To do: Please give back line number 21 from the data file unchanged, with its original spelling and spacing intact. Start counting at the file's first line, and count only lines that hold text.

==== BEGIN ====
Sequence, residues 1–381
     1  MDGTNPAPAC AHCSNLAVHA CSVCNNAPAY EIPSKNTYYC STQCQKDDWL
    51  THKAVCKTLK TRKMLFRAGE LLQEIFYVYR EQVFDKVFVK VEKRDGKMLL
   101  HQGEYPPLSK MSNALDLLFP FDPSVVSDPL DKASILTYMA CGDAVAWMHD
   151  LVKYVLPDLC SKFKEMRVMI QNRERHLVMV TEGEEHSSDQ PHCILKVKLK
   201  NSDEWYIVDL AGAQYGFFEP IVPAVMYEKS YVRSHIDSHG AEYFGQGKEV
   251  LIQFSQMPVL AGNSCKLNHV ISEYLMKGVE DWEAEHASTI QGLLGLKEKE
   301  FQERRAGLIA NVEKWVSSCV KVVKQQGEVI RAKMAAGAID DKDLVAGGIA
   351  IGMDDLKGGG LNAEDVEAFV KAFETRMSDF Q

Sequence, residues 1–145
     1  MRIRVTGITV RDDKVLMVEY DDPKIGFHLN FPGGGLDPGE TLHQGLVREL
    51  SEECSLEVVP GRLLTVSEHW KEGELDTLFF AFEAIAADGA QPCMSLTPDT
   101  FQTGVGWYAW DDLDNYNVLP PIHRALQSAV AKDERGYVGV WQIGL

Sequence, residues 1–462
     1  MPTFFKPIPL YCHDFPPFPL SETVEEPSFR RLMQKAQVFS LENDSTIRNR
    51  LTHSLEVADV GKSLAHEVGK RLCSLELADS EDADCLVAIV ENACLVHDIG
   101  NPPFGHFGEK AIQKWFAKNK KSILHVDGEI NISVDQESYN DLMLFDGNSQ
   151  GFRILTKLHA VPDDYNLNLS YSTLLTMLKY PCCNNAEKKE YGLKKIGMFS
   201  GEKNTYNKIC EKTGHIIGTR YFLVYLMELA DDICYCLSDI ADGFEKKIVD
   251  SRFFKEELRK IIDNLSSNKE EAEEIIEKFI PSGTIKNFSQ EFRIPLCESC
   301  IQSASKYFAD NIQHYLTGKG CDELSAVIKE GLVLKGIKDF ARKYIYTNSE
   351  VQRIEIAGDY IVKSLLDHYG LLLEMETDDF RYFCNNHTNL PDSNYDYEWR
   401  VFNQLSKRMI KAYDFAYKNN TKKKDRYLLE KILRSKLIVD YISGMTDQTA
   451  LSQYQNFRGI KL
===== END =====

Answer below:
   301  IQSASKYFAD NIQHYLTGKG CDELSAVIKE GLVLKGIKDF ARKYIYTNSE